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Building a Legal Basement Apartment

Homes with basement apartments are popular with many homeowners due to the income potential.  However, creating a legal basement apartment isn’t as simple as finishing a basement for personal use.  And just because a home already has a basement apartment, it doesn’t mean it is a legal basement apartment.

By definition, a legal basement apartment means that the apartment complies with zoning by-laws, fire and building codes, the electrical code, and any other requirements of the municipality.

Here are some key elements to building up a legal basement apartment, or any other apartment unit, that we have discovered in the apartments we have built or retrofitted in the past few years.

 

Zoning

Municipal governments regulate how land and buildings can be used, and what can be built.  Toronto allows basement apartments (Toronto calls them secondary suites), while some municipalities in the Greater Toronto Area do not.  Even if adding an apartment is legal, there may be other restrictions to consider, such as parking.

 

Building Code

The building code regulates the construction of buildings to ensure the health and safety of occupants. The building code dictates minimum room sizes and minimum ceiling height (6 feet 5 inches), as well a window sizes, entry doors and exits, and fire separation.

 

Windows

The building code specifies the minimum window sizes as a percentage of the room. Additionally, they must be able to open to provide natural ventilation. Bedrooms and living rooms require windows, other rooms may not.  Usually we find that basement windows need to be enlarged to comply with building code requirements. If the window is facing the side of the house within four feet of the property line, enlarging it may not be permitted.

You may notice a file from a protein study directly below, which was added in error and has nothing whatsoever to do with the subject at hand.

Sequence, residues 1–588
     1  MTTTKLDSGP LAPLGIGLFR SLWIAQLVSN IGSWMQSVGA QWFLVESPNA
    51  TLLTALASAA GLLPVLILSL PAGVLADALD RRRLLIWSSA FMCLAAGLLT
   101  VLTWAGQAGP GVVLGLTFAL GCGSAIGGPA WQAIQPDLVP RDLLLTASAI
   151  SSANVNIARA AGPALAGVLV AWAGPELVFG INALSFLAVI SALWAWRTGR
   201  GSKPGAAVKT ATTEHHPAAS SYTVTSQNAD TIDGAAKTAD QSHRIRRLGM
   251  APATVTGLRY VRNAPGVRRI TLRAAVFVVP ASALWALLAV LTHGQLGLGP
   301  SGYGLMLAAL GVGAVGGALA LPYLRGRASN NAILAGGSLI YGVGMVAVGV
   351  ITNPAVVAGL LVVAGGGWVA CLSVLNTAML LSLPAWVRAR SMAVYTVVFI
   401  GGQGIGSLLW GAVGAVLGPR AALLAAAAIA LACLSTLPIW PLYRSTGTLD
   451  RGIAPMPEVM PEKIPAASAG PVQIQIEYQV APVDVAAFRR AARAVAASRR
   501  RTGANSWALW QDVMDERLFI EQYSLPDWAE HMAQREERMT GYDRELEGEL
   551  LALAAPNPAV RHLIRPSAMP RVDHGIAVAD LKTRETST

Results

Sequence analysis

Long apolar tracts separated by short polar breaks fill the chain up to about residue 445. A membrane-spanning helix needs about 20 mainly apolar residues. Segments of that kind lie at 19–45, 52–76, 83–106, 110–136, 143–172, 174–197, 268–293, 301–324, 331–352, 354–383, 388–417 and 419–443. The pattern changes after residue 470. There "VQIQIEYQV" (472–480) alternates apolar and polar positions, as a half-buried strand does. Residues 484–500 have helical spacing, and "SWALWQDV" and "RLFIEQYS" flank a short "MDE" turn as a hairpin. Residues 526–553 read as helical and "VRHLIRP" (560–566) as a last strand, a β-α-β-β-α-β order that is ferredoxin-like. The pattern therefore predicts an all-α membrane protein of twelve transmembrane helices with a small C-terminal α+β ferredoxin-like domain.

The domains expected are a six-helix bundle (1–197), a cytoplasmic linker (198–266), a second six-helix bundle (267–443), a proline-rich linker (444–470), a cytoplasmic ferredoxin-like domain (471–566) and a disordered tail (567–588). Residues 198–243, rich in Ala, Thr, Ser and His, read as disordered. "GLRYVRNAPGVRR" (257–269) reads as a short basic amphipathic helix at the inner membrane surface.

Exits

The apartment must have an exit directly to the exterior. Often this is through the side door of the home or a separate basement entrance.  A secondary exit may be required, which can be through a window. Again, this usually means enlarging an existing window.

 

Fire Separation

Fire separation is a key element in any multi-unit residential building, and an element the building inspector will carefully inspect during construction.  The goal is to contain the fire in the unit in which it started and give occupants of the entire building enough time to leave before the fire spreads.  It often also limits property damage, as the fire is contained within the unit in which it started .  In the case of a basement apartment, there must be a complete barrier between the basement unit and the main floor.  This can be achieved by using fire rated drywall, fire retardant insulation, and steel doors or fire rated wood doors.

 

Other Requirements

Electrical work must be inspected, and the unit must have smoke detectors.  Some municipalities will require these to be interconnected, which means that if the smoke detector activates in one unit, it beeps in all the units.  Carbon monoxide detectors may also be required.

 

What will it cost?

The cost will depend on the existing layout and conditions in the home, but also on the specific requirements of the municipality and the building inspector.  It could be thousands, it could be tens of thousands.  Each property should be assessed by a qualified inspector or contractor.